The time is coming that using a 'throw away' laptop will be needed for all foreign trips. Everyone will need a server in some 'safe' country to upload everything to, documents and pictures will be needed to be uploaded to Google Docs and Picasa respectively. Any pictures, or letters that were on the laptop will need to be deep erased.

then , just add the cost of having the mini laptop seized to every trip.

Seems simple to me.

 

Re:That Eeee pc looks better and better (1)

MichaelSmith (789609) | more than 6 years ago | (#23776777)

The time is coming that using a 'throw away' laptop will be needed for all foreign trips. Everyone will need a server in some 'safe' country to upload everything to, documents and pictures will be needed to be uploaded to Google Docs and Picasa respectively. Any pictures, or letters that were on the laptop will need to be deep erased.
But to access your information store with any decent level of security you still need to carry a secret across a border. If the secret is a GPG key they can still try to get the passphrase off you, then when you access your data they can intercept the data stream and decrypt it.

I don't think this method is more than a stopgap.

I told you so (4, Interesting)

bytesex (112972) | more than 6 years ago | (#23776647)

I've said it before; trade secrets will be the most important aspect of this (whether or not they should be is of minor importance); especially for foreign business travelers, since American intelligence agencies have shown themselves time and again incapable to contain themselves when it comes to passing around business secrets to local competitors.

Re:I told you so (3, Interesting)

MichaelSmith (789609) | more than 6 years ago | (#23776807)

I've said it before; trade secrets will be the most important aspect of this (whether or not they should be is of minor importance); especially for foreign business travelers, since American intelligence agencies have shown themselves time and again incapable to contain themselves when it comes to passing around business secrets to local competitors.
The secret you are carrying might actually be US government IP, which you are just not allowed to show to the people at the border, even though they work for the same organisation.

And why not (1)

VincenzoRomano (881055) | more than 6 years ago | (#23776703)

also browsing the traveller's books, post-its (tm), cameras, camcorders, USB sticks, cell phone memory ... and so on?

Re:And why not (1)

Ihlosi (895663) | more than 6 years ago | (#23776719)

also browsing the traveller's books, post-its (tm), cameras, camcorders, USB sticks, cell phone memory ... and so on?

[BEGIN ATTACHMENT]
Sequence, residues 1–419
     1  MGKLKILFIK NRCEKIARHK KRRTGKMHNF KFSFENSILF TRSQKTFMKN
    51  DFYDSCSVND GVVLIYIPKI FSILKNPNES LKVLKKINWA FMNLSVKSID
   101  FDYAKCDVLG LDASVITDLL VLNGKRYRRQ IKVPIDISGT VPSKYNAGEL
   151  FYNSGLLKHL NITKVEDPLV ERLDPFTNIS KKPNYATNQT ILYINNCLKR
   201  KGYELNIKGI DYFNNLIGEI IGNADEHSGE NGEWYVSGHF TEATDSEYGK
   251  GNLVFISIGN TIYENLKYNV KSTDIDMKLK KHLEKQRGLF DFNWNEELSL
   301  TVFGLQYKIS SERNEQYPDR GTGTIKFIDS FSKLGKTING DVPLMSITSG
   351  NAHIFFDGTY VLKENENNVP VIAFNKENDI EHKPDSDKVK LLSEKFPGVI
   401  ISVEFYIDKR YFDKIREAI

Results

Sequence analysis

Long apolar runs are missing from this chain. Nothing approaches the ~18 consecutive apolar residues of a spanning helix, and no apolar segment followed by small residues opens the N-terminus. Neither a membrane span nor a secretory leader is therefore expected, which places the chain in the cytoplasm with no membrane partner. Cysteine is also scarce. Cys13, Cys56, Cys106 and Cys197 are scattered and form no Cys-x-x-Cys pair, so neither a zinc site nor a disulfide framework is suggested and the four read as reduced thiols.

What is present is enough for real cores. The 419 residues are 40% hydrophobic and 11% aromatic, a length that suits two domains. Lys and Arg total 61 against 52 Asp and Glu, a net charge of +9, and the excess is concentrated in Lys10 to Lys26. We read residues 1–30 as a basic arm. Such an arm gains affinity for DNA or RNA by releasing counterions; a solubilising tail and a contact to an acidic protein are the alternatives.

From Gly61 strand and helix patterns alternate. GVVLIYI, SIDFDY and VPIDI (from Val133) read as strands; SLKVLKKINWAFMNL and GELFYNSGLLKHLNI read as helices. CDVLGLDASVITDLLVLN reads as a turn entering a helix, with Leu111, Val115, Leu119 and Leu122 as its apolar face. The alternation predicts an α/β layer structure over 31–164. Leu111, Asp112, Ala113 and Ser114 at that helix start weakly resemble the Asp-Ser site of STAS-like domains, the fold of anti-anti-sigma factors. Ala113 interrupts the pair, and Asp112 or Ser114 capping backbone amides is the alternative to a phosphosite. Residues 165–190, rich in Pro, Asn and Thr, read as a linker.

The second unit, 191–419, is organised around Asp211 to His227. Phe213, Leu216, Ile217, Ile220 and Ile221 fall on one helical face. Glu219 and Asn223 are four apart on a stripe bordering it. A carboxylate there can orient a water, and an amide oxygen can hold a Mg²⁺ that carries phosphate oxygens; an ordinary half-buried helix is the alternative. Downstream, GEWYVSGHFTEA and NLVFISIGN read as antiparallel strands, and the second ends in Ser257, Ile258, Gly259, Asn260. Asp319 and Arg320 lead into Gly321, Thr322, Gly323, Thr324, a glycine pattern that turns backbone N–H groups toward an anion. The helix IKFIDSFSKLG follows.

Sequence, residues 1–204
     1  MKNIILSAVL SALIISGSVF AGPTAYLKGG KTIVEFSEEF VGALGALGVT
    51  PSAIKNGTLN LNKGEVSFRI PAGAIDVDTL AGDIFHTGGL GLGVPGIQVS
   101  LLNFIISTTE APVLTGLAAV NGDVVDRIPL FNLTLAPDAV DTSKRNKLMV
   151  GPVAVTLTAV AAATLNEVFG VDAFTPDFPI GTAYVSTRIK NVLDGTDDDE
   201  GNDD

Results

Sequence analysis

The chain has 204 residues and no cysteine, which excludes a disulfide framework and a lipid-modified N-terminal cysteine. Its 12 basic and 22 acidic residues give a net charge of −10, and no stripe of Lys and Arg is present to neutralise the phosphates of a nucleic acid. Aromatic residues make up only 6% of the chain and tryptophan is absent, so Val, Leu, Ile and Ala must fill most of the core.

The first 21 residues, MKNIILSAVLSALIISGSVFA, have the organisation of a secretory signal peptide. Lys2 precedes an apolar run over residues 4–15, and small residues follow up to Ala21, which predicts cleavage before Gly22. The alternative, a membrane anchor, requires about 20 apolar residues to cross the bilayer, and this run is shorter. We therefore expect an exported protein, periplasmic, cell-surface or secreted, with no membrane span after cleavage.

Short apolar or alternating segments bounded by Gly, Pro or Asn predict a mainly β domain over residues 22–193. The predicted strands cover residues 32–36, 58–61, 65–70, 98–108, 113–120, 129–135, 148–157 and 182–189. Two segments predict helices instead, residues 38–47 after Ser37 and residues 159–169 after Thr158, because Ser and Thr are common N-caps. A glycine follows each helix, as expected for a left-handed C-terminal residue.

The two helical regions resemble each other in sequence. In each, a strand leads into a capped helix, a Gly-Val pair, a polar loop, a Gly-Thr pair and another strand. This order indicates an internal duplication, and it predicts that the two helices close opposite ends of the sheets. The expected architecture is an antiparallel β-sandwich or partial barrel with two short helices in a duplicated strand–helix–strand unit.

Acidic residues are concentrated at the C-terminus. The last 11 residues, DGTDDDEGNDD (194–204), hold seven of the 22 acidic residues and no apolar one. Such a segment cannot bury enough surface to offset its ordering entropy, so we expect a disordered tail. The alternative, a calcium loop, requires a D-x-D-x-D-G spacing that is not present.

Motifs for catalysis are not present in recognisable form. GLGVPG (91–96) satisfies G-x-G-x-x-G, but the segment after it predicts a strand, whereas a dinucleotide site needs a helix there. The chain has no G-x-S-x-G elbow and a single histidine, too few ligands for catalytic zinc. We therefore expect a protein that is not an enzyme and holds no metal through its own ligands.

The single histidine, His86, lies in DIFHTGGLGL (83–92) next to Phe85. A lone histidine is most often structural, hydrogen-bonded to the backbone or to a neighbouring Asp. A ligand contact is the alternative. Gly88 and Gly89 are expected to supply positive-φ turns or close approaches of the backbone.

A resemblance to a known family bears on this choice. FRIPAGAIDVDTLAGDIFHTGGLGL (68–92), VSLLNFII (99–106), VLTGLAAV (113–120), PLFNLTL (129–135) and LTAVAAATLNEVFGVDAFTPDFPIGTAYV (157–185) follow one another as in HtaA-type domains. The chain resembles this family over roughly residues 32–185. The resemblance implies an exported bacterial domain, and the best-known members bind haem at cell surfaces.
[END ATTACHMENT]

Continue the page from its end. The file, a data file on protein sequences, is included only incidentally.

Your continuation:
They're already doing that, too. Oops.

Re:And why not (1)

VincenzoRomano (881055) | more than 6 years ago | (#23777003)

Don't think so: it'd take hours to check a single passenger. And skills, technology and ... a brain.

Re:And why not (1)

Ihlosi (895663) | more than 6 years ago | (#23777053)

Don't think so:

Oh really ?

http://tech.yahoo.com/blogs/null/90325 [yahoo.com]

And they're not checking every single passenger, of course. But for the ones that do get checked, the procedure may take hours.

One word... (1)

physman_wiu (933339) | more than 6 years ago | (#23776705)

SuperDisk
I doubt they have the equipment just laying around to pull the data off of those suckers.

Common Sense (1)

rock56501 (1301287) | more than 6 years ago | (#23776707)

While I don't agree with them searching people's laptops, people should be taking precautionary measures anyways like have Truecrypt partitions. Atleast then if your laptop gets stolen or lost (not like we have never heard of that before), your information might be protected.

Or to give the customs personnel a hard time, have your computer boot into your favorite Linux OS!

Or just dual-boot. (2, Insightful)

Rob T Firefly (844560) | more than 6 years ago | (#23776815)

Boot into a dummy partition containing Windows 95 or some damn thing, leave a few scattered icons of "business.xls" or "memo.doc" around, and let them search the hell out of it. Meanwhile your real stuff is safely tucked away on the rest of the drive.

"That's right officer, there is only a 100 meg hard drive in this brand-new Thinkpad. Want to play Microsoft Hearts with me, or perhaps sign up for a free trial of Prodigy?"

Re:Or just dual-boot. (1)

xgr3gx (1068984) | more than 6 years ago | (#23776947)

Yeah - or install Linux and set it's boot default boot level to 3 (no graphics)
What will they get do when they get to black shell prompt? - Not much
On the other hand, they might think the computer is some kind of bomb and call the FBI.
Hmmm - ok maybe not, that would be a bad backfire.

Career dampner (2, Interesting)

joaommp (685612) | more than 6 years ago | (#23776897)

This is one of the reasons for me to be unwilling to accept any offer to move to the Redmond division. Out of my fundamentalist principle that my data is mine. Nobody has nothing to do with it, especially not without a warrant.